The climate gap: environmental health and equity implications of climate change and mitigation policies in California—a review of the literature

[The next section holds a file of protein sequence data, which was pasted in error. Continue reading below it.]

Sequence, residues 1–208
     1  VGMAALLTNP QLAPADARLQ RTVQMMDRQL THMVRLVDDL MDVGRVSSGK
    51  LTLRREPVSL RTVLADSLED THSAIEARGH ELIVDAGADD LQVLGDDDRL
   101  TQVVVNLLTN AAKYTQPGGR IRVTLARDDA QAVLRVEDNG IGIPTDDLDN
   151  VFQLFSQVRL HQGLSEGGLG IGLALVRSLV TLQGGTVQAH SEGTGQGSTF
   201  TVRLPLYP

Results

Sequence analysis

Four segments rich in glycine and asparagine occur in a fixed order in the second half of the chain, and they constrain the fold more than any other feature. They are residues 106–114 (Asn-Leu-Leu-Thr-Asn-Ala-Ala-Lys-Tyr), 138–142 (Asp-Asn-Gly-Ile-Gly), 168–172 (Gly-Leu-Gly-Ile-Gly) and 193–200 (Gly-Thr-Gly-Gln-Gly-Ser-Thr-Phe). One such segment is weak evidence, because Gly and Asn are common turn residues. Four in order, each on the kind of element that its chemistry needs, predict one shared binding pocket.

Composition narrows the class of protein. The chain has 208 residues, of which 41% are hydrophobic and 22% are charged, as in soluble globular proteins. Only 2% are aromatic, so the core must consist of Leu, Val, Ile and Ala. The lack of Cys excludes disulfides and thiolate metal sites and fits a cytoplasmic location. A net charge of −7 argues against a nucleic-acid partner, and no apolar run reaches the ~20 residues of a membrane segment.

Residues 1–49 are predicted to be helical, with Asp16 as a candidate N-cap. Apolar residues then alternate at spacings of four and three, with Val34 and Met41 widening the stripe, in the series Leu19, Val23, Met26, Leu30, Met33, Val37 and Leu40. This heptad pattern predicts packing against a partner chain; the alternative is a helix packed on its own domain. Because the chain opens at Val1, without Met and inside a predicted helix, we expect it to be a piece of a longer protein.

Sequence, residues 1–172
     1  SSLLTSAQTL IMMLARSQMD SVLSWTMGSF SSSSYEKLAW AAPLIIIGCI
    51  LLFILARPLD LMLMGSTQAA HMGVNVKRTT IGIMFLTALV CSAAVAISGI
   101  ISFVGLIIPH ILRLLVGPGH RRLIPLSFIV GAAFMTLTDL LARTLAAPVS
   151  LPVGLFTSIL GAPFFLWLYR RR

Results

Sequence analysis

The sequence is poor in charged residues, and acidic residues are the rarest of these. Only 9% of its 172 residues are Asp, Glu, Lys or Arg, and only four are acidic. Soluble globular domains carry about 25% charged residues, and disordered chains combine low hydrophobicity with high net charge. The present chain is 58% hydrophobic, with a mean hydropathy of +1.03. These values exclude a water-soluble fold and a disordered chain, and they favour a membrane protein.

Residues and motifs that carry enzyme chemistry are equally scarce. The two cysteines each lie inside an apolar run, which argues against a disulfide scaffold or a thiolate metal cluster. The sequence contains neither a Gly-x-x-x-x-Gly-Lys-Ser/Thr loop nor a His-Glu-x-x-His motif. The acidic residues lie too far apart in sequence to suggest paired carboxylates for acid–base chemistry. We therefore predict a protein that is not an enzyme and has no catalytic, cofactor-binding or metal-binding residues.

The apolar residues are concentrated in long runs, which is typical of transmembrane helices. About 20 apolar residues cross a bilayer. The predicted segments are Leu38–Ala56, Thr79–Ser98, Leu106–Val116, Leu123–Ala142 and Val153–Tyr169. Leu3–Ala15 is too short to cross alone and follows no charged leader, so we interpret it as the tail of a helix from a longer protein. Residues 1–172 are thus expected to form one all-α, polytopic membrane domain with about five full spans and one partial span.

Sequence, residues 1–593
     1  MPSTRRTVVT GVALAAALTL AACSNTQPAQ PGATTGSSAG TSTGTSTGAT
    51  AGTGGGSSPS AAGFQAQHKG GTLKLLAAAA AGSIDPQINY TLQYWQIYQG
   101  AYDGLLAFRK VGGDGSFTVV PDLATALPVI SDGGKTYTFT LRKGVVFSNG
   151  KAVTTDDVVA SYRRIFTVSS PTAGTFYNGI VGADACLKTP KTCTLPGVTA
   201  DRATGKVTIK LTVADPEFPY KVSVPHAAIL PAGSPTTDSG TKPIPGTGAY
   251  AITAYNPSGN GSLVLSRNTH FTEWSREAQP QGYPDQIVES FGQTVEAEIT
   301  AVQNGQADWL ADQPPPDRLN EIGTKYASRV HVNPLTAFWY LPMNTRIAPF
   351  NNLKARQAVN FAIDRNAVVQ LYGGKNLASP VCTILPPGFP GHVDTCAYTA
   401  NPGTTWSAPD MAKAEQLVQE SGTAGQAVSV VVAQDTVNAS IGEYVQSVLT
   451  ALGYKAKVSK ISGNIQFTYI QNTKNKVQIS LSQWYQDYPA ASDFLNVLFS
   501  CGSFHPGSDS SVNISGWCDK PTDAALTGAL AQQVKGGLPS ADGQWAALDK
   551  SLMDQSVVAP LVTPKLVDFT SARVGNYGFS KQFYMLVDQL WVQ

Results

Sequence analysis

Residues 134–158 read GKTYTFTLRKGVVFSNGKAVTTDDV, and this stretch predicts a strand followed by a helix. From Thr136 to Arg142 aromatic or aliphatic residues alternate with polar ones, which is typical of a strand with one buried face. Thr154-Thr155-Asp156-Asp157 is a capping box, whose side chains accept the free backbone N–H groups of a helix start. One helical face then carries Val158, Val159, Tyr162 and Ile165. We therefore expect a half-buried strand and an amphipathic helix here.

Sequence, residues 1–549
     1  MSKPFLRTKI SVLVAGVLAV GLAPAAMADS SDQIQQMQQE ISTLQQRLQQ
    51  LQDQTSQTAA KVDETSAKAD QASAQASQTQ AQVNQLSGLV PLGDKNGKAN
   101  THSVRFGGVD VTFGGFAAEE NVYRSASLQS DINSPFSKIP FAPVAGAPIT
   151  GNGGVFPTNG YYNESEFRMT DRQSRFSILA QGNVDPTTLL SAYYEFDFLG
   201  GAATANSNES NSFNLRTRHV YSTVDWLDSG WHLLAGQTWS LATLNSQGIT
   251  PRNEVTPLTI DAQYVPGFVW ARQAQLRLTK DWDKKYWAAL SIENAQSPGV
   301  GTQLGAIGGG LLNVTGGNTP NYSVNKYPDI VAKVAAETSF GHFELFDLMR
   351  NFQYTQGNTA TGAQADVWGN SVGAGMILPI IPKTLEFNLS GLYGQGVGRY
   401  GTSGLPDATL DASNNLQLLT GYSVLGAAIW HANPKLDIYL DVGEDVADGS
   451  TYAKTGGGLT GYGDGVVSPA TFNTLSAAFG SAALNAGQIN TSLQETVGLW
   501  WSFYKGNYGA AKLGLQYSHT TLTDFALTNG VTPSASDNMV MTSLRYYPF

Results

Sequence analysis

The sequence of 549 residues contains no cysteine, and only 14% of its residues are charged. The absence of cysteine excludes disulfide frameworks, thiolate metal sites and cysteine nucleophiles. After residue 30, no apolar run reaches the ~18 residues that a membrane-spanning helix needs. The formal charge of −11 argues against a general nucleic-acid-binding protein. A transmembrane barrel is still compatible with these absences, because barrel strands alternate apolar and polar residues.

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Climate change is an issue of great importance for human rights, public health, and socioeconomic equity because of its diverse consequences overall as well as its disproportionate impact on vulnerable and socially marginalized populations. Vulnerability to climate change is determined by a community’s ability to anticipate, cope with, resist, and recover from the impact of major weather events. Climate change will affect industrial and agricultural sectors, as well as transportation, health, and energy infrastructure. These shifts will have significant health and economic consequences for diverse communities throughout California. Without proactive policies to address these equity concerns, climate change will likely reinforce and amplify current as well as future socioeconomic disparities, leaving low-income, minority, and politically marginalized groups with fewer economic opportunities and more environmental and health burdens. This review explores the disproportionate impacts of climate change on vulnerable groups in California and investigates the costs and benefits of the climate change mitigation strategies specified for implementation in the California Global Warming Solutions Act of 2006 (AB 32). Lastly, knowledge gaps, future research priorities, and policy implications are identified.